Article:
My email is sneedage@gmail.com.

4. I think keeping it in the comments is a wonderful Idea, this is the kind of discussion I aim to encourage. A reasoned, rational debate between two differing opinions.

Also, I’m always argumentative. The devil’s advocate is the most fun part of any advocacy. So, don’t feel bad.

Thank you for leaving math up to us math folk, I would do the same with the journalism stuff, but that makes mass communication difficult. I suppose as long as I do a crappy job on that whole “english” thing, we can call it even. 🙂

In any case, my position on spiritual laws is somewhat complicated. On the one hand, I have no ability to talk about them, in the sense that all things spiritual are on the edges of logic, just as it’s tough to talk about the existence or nonexistence of god, it’s equally tough to talk about what rules exist in the alternate universe we can’t materially interact with. We’re effectively talking about an alternate physics– an alternate science even; and we have no way to apply the scientific method to this alternate universe.

On the other hand, we can talk about interactions between this universe and that, and I think that — while we have not truly seen interactions between this universe and that one — we can postulate what kinds of interactions might occur, and what those interactions would imply.

Effectively, we could potentially build a conditional science, based on the hypothesis that the alternate universe exists, and that the interactions we postulate happen. An analog of this technique in the sciences may be found in string theory, by assuming the existence of strings, we can derive a theory of everything for physics. However, we can’t observe these little strings, they’re too small to see on even the most powerful microscopes, we don’t have any good way to infer the existence, except for the fact that, when we assume strings exist, physics works.

In any case, spiritual laws, defined as being the “laws of physics” for the alternate universe, shouldn’t have any effect on the laws of this universe, assuming said universes don’t interact. Since the purpose of these series of posts is to examine the capabilities of a deity in this universe (due to the axiom of fair play) I don’t think spiritual law comes in to play.

Maybe you meant something else by spiritual law?

Also, I don’t mind my personal thoughts being exposed to the world if you don’t.

5. Sorry it’s been a few days …

More than happy to leave the math to you.

The crux of Christianity is believing in the illogical. In the physical world built on reason and science, it’s a ridiculous thing to believe. I love sleep many nights analyzing the different reasons why I believe what I do and breaking down how what I believe is different from what I have been taught by parents and teachers (grew up in a Christian school). Many questions remain unanswered.

It’s way to easy to physically disprove God. It’s a wonder I’m not an atheist.

It’s clear, however, that the spiritual and physical worlds interact. There’s no way evolution and the big bang and all that could have happened, especially based on science and physics.

And as far as seeing God, well, there is the natural Sunday school metaphor with the wind – you can’t see it but you can feel it and see its effects.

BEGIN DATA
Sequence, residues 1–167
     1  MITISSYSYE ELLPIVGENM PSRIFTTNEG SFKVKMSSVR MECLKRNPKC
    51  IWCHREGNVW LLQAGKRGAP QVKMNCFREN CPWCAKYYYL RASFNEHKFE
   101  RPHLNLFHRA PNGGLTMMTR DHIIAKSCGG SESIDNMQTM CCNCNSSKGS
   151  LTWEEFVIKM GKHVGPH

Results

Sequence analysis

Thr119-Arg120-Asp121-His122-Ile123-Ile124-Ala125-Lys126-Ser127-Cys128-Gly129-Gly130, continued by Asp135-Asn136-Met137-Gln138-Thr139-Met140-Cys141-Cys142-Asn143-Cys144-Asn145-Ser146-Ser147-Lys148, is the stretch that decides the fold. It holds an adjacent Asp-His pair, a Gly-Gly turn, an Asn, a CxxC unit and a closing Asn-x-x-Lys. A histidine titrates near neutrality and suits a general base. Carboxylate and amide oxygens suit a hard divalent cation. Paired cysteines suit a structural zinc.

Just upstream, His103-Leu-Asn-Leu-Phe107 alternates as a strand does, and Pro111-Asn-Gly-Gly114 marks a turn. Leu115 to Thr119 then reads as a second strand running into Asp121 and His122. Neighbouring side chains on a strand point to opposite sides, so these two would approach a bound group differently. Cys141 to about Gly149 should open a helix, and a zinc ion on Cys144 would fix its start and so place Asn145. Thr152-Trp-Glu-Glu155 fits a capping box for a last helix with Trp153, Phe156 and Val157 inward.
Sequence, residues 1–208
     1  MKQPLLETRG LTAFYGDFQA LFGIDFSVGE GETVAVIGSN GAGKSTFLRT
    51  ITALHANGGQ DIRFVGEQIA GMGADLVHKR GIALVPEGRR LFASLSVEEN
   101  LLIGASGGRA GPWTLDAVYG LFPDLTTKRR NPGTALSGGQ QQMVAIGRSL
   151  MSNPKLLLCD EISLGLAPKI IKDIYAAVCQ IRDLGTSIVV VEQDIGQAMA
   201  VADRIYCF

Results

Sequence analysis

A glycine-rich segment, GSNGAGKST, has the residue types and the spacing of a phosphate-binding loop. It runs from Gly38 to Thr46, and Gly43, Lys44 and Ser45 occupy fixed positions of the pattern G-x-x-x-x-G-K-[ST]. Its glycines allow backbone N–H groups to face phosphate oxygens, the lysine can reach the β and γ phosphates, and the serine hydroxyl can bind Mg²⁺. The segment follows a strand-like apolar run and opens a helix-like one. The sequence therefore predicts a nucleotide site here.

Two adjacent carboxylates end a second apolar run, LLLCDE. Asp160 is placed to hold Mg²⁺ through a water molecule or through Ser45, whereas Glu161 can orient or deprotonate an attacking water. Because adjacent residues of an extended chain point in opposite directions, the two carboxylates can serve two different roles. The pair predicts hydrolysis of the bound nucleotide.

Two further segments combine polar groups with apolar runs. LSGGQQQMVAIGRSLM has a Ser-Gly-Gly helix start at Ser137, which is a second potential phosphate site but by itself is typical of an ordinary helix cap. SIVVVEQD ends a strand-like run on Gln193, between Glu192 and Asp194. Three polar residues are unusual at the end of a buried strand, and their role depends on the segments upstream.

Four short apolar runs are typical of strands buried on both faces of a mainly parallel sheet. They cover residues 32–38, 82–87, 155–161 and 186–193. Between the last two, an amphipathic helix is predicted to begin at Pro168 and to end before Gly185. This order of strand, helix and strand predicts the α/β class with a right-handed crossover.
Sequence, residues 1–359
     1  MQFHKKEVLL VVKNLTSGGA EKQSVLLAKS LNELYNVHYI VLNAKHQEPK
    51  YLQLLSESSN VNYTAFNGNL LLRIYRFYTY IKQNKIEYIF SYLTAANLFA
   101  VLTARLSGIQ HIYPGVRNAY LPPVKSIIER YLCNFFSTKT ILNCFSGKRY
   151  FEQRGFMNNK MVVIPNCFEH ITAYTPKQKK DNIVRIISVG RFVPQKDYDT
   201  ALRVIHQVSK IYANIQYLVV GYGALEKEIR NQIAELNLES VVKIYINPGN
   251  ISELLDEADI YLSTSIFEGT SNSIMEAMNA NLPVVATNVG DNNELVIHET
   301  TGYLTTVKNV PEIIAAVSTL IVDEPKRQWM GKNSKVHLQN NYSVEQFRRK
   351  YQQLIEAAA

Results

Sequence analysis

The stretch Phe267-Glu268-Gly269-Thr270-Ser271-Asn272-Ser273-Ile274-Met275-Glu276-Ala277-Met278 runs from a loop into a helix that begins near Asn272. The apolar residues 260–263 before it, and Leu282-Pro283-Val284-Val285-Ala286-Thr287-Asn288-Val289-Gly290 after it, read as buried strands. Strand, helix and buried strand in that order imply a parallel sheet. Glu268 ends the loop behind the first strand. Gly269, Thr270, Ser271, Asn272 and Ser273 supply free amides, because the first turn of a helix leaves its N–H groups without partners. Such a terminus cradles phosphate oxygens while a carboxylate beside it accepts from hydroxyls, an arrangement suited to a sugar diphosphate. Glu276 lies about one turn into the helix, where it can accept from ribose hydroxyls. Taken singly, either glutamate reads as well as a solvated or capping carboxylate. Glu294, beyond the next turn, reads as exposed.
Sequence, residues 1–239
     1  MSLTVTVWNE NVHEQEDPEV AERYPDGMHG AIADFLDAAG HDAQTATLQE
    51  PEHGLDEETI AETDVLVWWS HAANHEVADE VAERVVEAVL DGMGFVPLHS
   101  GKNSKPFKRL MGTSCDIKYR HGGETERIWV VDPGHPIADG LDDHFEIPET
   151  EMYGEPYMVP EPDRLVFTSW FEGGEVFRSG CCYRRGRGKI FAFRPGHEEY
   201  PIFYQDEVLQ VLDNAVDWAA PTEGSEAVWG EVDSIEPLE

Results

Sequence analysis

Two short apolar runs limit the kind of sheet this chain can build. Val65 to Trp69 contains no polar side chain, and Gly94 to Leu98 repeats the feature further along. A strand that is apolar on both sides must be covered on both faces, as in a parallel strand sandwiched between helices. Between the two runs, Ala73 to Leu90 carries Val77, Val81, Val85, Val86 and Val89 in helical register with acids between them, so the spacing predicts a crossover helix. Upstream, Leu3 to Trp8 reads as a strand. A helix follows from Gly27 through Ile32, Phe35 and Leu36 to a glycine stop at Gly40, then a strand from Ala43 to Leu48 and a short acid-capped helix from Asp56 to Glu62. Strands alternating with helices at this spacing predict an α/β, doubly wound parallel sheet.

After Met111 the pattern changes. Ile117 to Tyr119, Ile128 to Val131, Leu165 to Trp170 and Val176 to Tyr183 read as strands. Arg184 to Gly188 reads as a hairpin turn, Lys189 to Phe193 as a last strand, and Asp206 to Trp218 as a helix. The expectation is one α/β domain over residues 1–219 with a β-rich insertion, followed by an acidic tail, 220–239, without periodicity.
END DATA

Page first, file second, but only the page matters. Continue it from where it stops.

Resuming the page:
Just kinda rambling, it’s late, but I didn’t want you to think you were being ignored.

Talk with you more later.

6. *sirens and bells*

“There’s no way evolution and the big bang and all could have happened…”

Try telling that to PZ Myers, Richard Dawkins, Phil Plait or any other real scientist. The evidence for evolution and the big bang is insurmontable — or else we wouldn’t give the idea the time of day.

Maybe I’ll tackle the issue in a new post, but in the short term, the best argument against the arguments against evolution (hope that made sense) is that if there were a problem with any major theory in biology or cosmology, then certainly _someone_ would have noticed. It is inconcievable to think that every single biologist on the planet who believes in evolution is part of a conspiracy to lie to the rest of the scientific community about how life became what it is. Especially given the fact that _evolution works_ if you don’t believe me on that, go to pharyngula or send PZ an email, he’s a developmental biologist PhD at Morris, and will, certainly, be more than happy to extol the benefits and evidence for evolution.

As for the sunday school metaphor, I believe the reference is John 3, “The wind bloweth where it listeth, [etc]” This is a false analogy. The wind is a physical, real effect, due to changes in air pressure, and by the ideal gas law, changes in temperature. God is not a physical effect, he is a supernatural being. Yes, we can’t “see” either of them, but I can predict when a given day will be windy, and often even the speed of that wind, based on meteorology. I can’t predict when God will be doing more on any given day. The differences between the two are large, the similarities are small, classic false analogy.

First of all, I don’t think ‘belief’ in science is incompatible with belief in God, I just think that when you really start to understand science, the real science, not the science you get taught in a christian school (I was homeschooled by way of Pensacola Christian Academy in Florida), you’ll start to realize that the god hypothesis is extraneous. Evolution isn’t random, it’s undirected, the big bang follows readily from quantum effects (read “The Elegant Universe” by Brian Greene, or “The Big Bang” by Simon Singh, on the evolution side, I can suggest “The Blind Watchmaker” by Richard Dawkins, or dig up the christmas lecture videos done by the same).

In any case, it’s interesting that you feel god is easy to physically disprove, and in the next sentence you deny the two biggest holes in the god hypothesis. It’s like you’re logical, rationalist mind is poking out, and then the brainwashed half promptly pushes it back down. It reminds me of myself a few years ago. 🙂